Paris, Je T'aime is wonderful Bixa. I bought my own copy. 22 directors participated in this film which was edited to have a story of each of the 20 arrondissements of Paris. These were the segments I most loved...
Loin du 16th arrondissment, A young immigrant woman in the suburbs of Paris, must leave her baby each morning, to go and tend to the baby of a wealthy family in the 16th arr.
Place des Fetes, A Nigerian man is dying from a stab wound and is cared for by a beautiful young woman.
Pigalle, Bob Hoskins and Fanny Ardant, very much a feeling of Pigalle.
Place des Victoires, Deep in the night a young mother, Juliette Binoche, is comforted by a magical cowboy, Willem Defoe...her little boy has died.
Faubourg Saint-Denis, A blind boy and his love, in the intriguing area of Faubourg Saint-Denis.
14th arrondissement, This was perhaps the most moving for me. A middle aged female postal worker has taken her first trip to Europe and in her laboured French descibes how she is feeling.
I just this second finished watching it, Jazz. I'd be hard pressed to say which were my absolute favorites. I love Juliette Binoche -- would watch her in anything. Yes, absolutely the Place des Fetes and the 14th Arrondissement ones.
Slightly embarrassing, but I felt rather smug recognizing some places in Paris -- a place I've never been -- because of the wonderful glimpses you & Kerouac have given us.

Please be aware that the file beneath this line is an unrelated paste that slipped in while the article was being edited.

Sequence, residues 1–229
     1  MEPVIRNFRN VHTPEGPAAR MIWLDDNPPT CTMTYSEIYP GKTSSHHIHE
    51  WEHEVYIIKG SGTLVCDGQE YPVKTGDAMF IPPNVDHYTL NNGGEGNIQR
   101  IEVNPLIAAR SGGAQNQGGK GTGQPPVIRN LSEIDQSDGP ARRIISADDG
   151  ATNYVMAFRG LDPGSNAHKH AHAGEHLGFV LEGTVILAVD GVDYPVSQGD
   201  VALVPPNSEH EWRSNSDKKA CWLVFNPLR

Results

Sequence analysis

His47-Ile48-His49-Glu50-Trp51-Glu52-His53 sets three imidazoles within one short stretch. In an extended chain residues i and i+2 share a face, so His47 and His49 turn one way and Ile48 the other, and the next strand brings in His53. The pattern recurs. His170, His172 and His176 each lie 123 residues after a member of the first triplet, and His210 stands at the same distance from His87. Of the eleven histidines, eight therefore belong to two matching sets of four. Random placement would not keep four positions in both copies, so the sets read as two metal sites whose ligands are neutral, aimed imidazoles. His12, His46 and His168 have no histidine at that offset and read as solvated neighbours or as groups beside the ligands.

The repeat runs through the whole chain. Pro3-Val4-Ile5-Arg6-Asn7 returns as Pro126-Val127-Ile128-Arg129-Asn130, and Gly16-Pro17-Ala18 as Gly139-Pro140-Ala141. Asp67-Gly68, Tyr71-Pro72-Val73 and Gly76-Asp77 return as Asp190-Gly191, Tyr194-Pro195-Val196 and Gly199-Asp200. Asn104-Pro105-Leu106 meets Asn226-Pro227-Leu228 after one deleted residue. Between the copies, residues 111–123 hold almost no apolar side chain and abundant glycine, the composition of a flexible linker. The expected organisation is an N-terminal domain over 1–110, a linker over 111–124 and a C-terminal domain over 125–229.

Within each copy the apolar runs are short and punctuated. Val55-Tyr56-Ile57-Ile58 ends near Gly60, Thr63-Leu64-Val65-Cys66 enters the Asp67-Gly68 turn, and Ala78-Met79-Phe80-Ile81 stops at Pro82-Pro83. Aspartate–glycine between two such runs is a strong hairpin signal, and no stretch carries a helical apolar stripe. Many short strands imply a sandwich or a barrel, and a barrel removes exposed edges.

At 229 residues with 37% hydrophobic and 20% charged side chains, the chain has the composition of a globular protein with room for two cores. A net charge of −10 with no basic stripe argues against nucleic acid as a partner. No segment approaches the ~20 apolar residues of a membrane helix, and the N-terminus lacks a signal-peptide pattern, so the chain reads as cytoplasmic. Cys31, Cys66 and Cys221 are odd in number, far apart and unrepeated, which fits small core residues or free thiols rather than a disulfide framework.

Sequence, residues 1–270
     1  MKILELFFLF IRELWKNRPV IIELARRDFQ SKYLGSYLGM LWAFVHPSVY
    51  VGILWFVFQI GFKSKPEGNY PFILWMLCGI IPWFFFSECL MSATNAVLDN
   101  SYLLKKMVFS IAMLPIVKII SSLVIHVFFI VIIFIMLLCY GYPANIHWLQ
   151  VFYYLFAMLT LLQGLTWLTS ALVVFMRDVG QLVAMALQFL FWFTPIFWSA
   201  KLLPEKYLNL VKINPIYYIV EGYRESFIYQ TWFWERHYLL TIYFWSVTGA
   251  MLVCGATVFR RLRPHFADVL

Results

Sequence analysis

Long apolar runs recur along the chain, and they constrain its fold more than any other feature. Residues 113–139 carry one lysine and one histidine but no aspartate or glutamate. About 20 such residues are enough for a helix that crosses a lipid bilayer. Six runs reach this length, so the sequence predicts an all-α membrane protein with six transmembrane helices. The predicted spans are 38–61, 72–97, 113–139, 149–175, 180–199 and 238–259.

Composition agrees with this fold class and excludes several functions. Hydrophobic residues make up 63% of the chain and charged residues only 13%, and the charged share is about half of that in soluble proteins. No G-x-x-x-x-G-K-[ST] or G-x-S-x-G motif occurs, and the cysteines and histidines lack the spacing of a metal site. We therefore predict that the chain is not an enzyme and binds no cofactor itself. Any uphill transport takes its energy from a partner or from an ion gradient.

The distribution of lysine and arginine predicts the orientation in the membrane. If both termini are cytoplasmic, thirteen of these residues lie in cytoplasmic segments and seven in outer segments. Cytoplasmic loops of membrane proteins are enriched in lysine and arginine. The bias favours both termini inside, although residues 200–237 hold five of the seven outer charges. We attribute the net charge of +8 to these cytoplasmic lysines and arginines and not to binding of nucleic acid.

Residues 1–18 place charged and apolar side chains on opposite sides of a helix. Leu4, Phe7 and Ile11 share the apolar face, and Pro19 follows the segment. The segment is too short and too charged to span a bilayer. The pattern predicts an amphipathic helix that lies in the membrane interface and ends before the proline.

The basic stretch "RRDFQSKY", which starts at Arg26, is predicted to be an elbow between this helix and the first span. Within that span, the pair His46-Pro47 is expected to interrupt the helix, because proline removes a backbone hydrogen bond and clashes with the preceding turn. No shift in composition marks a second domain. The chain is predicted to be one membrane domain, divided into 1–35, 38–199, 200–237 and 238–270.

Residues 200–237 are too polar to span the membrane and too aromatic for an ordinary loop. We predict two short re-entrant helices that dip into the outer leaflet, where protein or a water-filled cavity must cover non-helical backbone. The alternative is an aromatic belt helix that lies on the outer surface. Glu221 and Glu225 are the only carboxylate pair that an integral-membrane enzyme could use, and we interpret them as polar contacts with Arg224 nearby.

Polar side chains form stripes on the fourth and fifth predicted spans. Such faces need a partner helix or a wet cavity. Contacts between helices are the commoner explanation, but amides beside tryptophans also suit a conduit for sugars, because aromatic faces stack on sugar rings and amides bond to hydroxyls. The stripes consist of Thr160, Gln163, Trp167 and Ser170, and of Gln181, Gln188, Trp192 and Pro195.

When you're chewing on life's gristle[br]Don't grumble, give a whistle[br]And this'll help things turn out for the best...[br]And...always look on the bright side of life...[br]Always look on the light side of life.[br]Monty Python's Life of Brian[br]
It was extremely powerful and moving. I really was in doubt myself about the truth of the matter and I think this was really cleverly done – one moment you think one person is right and switch and switch again.
Each of the four main actors gave outstanding performances; particularly the smallest of the four roles, played by Viola Davis who I have never seen in anything before. I hope to see a lot more of her in the future as she knocked me sideways.
Has anyone else seen it? I would be interested to know what people thought as it seems it is either loved or hated.
Just watched Hideous, Kinky and can see why it's so highly recommended. It is definitely a movie I will watch again.
This is the nicest, clearest online copy, but very fiddly to get going: mrbrownee70.com/?code=watch&host=mv&gid=9268019. You have to click for the Alternate Method, then follow the not very clear directions. When you're told to get the url by right-clicking, choose Properties, then copy the top url of the two.
One thing that caught my eye & I backed it up to see for sure -- two of the main characters are riding through the countryside in a truck and pass a wall that has "TinTin" graffitied on it in big letters.
I watched Nacho Libre before, but in a terrible pirated dvd. Watched it again last night with this crystal-clear DivX version, and thoroughly enjoyed it. Okay, it's pretty dumb humor, but goofily fun. And of course I enjoyed seeing the area where I live so beautifully presented.